Friday, July 11, 2008

Let me ask you two questions...

I spent many years in the university community and would always come across the perennial discussions of faith and belief, and even this morning as I was looking at a bulletin board at a campus coffee house, there again was another flyer announcing a meeting to discuss the accuracy of the Bible and the textual errancy that exists and the problems that it creates and so on. But I find there is always something missing in these kinds of debates.

The Bible refers to our having a mind, soul and body, interpreted by many as being a kind of Trinity to man’s existence. I have no problem with that kind of categorization. Where my problem comes in is when you try and split those apart and consider them as separate entities, independent of one another.

Arguments about the Bible are almost always intellectual, and we cite all the rational reasons why we should believe one way or another, but we do so without consideration to our whole being. We are not just walking brains. We are living, breathing stories of humanity. This is why I do not make a good Evangelical.

One of my favorite encounters as a campus pastor was about a two month stretch of interacting with folks from the Campus Free Thought Society, formerly known as the Campus Atheists, but they changed their name since they felt that was too restricting. I’m not sure how the initial meeting was initiated, but one evening several of their group and a few of my friends met at a coffee house to discuss our points of view.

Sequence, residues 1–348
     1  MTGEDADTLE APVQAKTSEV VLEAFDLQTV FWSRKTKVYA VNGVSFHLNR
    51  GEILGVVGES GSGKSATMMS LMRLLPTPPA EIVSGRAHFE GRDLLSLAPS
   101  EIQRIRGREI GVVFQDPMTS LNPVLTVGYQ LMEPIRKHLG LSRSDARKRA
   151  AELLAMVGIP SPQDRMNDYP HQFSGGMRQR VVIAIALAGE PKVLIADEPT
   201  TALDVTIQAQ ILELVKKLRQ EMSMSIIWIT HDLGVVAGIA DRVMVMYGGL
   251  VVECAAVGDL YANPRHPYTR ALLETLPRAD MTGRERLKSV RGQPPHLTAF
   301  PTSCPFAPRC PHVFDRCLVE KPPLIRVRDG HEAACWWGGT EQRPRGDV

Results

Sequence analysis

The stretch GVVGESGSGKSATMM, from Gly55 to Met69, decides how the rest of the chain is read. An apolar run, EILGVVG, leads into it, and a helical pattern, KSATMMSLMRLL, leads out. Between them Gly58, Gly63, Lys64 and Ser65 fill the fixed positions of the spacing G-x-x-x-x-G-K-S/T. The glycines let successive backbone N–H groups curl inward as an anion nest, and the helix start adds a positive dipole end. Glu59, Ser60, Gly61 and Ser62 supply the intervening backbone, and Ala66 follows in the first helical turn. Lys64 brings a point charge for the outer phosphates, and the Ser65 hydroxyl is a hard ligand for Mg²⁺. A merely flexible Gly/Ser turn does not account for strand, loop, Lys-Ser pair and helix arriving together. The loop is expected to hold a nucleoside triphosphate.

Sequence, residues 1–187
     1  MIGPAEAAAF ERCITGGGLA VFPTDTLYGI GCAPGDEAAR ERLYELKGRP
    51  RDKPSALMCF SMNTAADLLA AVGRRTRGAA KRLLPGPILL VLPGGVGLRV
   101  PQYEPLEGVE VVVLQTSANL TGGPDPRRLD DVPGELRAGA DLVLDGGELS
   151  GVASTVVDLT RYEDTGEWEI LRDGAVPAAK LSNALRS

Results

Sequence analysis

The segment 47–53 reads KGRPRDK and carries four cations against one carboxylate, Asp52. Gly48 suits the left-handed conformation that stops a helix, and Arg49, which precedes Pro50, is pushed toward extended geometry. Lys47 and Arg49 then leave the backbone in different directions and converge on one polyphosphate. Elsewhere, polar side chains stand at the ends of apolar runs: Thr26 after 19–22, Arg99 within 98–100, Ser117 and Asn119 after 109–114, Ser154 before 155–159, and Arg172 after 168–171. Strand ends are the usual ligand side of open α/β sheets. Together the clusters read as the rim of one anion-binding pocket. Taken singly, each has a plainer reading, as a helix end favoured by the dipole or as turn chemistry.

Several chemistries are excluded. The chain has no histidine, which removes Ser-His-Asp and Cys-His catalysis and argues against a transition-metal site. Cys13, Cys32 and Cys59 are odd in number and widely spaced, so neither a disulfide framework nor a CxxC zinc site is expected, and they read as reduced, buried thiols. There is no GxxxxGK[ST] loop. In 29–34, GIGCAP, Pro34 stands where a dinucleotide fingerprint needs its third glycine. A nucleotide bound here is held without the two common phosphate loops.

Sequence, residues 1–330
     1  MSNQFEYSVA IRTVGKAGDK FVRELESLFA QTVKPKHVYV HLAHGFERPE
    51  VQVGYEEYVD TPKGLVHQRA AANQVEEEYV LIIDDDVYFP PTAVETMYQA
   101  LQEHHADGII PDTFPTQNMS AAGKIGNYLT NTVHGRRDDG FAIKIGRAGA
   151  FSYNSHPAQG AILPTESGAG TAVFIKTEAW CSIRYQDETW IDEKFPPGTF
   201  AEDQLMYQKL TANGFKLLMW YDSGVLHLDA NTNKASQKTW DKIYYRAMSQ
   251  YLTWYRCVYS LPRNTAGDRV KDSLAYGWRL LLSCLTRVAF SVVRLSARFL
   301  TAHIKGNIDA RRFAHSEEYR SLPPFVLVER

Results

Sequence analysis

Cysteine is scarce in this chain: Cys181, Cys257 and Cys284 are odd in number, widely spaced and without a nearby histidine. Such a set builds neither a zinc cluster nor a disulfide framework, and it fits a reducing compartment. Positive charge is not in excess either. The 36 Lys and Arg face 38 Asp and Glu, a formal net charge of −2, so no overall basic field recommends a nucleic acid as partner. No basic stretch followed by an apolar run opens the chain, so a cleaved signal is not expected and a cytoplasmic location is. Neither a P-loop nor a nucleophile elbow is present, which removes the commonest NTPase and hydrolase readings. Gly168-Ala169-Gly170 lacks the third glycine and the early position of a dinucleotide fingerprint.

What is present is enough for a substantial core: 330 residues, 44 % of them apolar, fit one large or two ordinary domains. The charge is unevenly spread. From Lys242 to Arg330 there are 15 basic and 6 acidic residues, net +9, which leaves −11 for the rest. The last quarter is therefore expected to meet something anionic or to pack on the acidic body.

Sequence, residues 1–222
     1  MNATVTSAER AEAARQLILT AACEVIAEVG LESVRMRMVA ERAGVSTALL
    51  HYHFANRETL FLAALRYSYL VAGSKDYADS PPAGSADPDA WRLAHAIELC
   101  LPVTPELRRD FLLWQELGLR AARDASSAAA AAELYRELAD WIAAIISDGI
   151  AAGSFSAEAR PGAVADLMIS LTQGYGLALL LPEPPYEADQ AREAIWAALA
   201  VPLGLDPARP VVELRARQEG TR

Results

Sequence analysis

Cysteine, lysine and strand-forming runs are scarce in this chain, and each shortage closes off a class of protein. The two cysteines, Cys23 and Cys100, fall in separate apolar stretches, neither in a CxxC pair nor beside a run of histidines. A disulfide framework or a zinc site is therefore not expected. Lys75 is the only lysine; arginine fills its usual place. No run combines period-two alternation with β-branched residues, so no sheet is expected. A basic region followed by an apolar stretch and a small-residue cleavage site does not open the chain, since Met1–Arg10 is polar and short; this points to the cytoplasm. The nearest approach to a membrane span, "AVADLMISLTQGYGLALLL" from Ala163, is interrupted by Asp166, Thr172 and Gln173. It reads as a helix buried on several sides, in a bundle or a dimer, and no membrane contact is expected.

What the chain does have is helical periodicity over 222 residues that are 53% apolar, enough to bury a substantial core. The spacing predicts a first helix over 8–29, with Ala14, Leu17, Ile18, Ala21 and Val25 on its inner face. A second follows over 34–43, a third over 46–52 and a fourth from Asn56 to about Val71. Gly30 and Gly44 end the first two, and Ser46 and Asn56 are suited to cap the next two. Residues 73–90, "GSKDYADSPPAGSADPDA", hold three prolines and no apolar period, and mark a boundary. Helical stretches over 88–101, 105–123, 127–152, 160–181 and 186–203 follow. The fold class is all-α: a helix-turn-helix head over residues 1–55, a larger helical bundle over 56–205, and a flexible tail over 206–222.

There must have been 15 of us, all packed tightly in a circle so as to hear each other over the din. There was the usual bit of chit chat at the onset, but when it started to get a little awkward as everyone became aware that no one was in charge of moving the discussion forward, I decided to jump in.

My first question seemed to surprise everyone, because it was not aimed at finding out our differences. Instead, I asked the group to cite any church or religious experience they may have had growing up.

That’s all it took to get the party started.

To my surprise, everyone had something to say, and further, everyone had something heartbreaking to tell. Stories of abuse, neglect, disillusionment, abandonment, all from parents or church people. People who should have been trustworthy were not, and the results were sitting in a circle clutching coffee mugs.

This scene is one example why I was always uncomfortable with my Evangelical heritage. I hated to argue and defend a point. Intellectual arguments act as shields behind which we hide and toss spears of attack. I couldn’t put a finger on it at the time, but I see now what I am more comfortable with is finding out what you and I have in common over how you and I differ in belief. Commonality in our stories lead to trust, which is something these young people in the circle had very little of.


Les said...

This reminds me of a quote Ravi uses. I'm not getting it exactly right but its something like "why give someone a rose after you've cut off their nose?"

The idea being that a well defended intellectual position will not persuade a person to your side if you've destoryed the relationship in the process.

This obviously holds true no matter what beliefs you hold.

Maria said...

I think a lot of us could use some training in how to ask genuine questions, rather than the typical evangelical training in having all the right answers. I suppose one has to give up some of that sense of having the right answers (or the belief that they are out there in some book or another) in order to be able to ask good questions.

Les said...

Step 1: Be Geniune! :)